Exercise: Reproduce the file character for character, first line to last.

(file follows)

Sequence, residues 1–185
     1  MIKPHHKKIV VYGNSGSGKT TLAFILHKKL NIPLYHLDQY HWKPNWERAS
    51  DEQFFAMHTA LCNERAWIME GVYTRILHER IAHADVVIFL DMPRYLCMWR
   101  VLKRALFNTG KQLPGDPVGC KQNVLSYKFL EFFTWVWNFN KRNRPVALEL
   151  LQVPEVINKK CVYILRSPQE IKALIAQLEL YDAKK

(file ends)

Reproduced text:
Sequence, residues 1–185
     1  MIKPHHKKIV VYGNSGSGKT TLAFILHKKL NIPLYHLDQY HWKPNWERAS
    51  DEQFFAMHTA LCNERAWIME GVYTRILHER IAHADVVIFL DMPRYLCMWR
   101  VLKRALFNTG KQLPGDPVGC KQNVLSYKFL EFFTWVWNFN KRNRPVALEL
   151  LQVPEVINKK CVYILRSPQE IKALIAQLEL YDAKK